Chimamanda Adichie is not sincere with her conscience in trying to impress and impose falsehood she had captured in her book, now sciptured into a film which its contents are largely skewed to draw sympathy or mislead Nigerians about the real genesis of the Biafran war. There’s no doubt Nigeria has had its own rough and difficult pasts as encapsulated by very many actors of the war itself, it should not take Chimamanda Adichie to remind us the cruel and deliberate actrocities of her compatriots Military Junta leaders who chose to engage in selected anihilations of their persived ethnic political and military rivals.

    Nigerians have chosen to live in peace with one another to forge forward as one unified nation, reopening old wound will certainly set the little progress backward. Chimamanda Adichie should never compare Nigerian society with America’s, our level of tolerance and ability to assimilate delicate issues of ethnic rivalry is different and wide apart. The Nigerian Censor board has done the right thing by banning the veiwing of the film in public because we have very intolerable society and very very sensitive attachments to the past pains of our individual ethnic groups. Nigeria in your opinion may be living in denial but the very susceptibility of violence in Nigeria and delicate security situations in Nigeria today makes the banning very sensible move. I urge Chimamanda Adichie to come live in Abuja and share in the fear and panic of Boko Haram bombing; probably she’ll understand emotional trauma Nigerians go through everyday of their lives, she will be left more a confused writer as to why others have to resort to senseless killings just for reasons attachments to religion or ethnic sentiments.

    • BIOLA OLADEHINDE

      May 4, 2014 at 12:37 AM

      Could Chimamanda Adichie take Nigerians through what actually led to the Aguiyi Nrosi’s counter coup which eventually incensed the spark that triggered the Biafran war. You Chimamanda couldn’t just choose to talk about the massacre of Igbos in the North, refuse to deal with the events that lead to the massacre; chose to package falsehood in a skewed story to distort history of the Biafran war. The most painful part of Chimamanda Adichie’s distorted story is the deceptive manner she and her tribal cohorts want Nigerians believe their version of the accounts of the actrocities of the Biafran war and not what the rest of Nigerians believe to be the true story of the war. Nigeria is never living in any denial as suggested by Chimamanda but rather will sort to forget an unpallatable ugly past, so will not want to be reminded of an event which almost brought Nigeria to the brink. Nigeria’s intolerant cups are already full with Boko Haram violence and so are not prepared to re-enact a dead Biafran war.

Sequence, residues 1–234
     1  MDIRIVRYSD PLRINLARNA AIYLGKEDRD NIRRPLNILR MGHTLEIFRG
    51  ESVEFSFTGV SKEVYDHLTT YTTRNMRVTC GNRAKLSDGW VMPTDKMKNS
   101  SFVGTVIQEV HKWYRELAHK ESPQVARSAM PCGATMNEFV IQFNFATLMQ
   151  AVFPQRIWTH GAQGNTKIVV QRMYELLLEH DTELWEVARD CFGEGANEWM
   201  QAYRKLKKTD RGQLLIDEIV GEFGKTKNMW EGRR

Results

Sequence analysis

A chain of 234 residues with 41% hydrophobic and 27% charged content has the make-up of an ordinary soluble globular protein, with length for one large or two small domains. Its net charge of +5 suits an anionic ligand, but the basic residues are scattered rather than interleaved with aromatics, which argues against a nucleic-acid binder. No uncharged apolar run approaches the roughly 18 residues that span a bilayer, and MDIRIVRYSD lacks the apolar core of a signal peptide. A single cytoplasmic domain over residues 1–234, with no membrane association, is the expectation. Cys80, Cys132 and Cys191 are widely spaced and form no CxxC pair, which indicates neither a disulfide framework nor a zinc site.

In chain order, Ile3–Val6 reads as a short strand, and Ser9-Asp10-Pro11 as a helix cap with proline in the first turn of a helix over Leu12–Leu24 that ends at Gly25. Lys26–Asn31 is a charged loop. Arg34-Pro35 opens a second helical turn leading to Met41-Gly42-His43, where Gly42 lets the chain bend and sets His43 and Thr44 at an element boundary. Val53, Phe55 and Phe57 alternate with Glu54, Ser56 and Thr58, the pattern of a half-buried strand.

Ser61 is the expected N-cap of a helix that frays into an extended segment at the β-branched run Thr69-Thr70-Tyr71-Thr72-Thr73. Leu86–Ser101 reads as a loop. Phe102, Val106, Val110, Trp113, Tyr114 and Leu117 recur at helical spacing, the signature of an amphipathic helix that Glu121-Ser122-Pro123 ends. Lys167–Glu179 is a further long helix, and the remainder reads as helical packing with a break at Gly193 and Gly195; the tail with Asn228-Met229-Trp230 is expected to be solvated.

2. eric

    May 3, 2014 at 5:08 PM

    Nigeria has got a long way 2go hmmmmmm so unfortunate….

  3. Nk Gwarzo

    May 3, 2014 at 7:16 PM

    I support the censors board, its not political but its banned due to the current situation on ground which every body is aware of. Am sure if the movie is realised it will do no good than harm to the unity of our country, since its about Biafran war. So think positively and things will go well.

  4. Metu Nyetu

    May 3, 2014 at 9:06 PM

    Dnt feel so sad@Chimamanda Luvly Angel Adichie! The govt may justify dis barn using their so-calld doctrine of necessity, but dis movie shal somday be seen in evry home in dis coun3. Ppl wil knw d truth abt Biafra@last. I luv a couplet in one Tony Ulonso Anidike’s poem which goes thus:

    The lullaby that, with tunes so clever,
    Lulls truth to sleep never sings 4ever.

    Not so long ago I read an article in one of our national dailies abt Y Gowon would neva write his autobiography, & I belivd d writer wen he said, among many oda things, dat Gowon would hav 2 ansa d question regarding his violating d Aburi Accord, & relinquishing Bakassi 2 Cameroon. And bcs he would neva b abl 2 provide diz answers, he would neva write his autobiography.

  5. BIOLA OLADEHINDE

    May 4, 2014 at 12:47 AM

    Could Chimamanda Adichie take Nigerians through what actually led to the Aguiyi Nrosi’s counter coup which eventually incensed the spark that triggered the Biafran war. You Chimamanda couldn’t just choose to talk about the massacre of Igbos in the North, refuse to deal with the events that lead to the massacre; chose to package falsehood in a skewed story to distort history of the Biafran war. The most painful part of Chimamanda Adichie’s distorted story is the deceptive manner she and her tribal cohorts want Nigerians believe their version of the accounts of the actrocities of the Biafran war and not what the rest of Nigerians believe to be the true story of the war. Nigeria is never living in any denial as suggested by Chimamanda but rather will sort to forget an unpallatable ugly past, so will not want to be reminded of an event which almost brought Nigeria to the brink. Nigeria’s intolerant cups are already full with Boko Haram violence and so are not prepared to re-enact a dead Biafran war.

  6. Fairness

    May 4, 2014 at 1:17 AM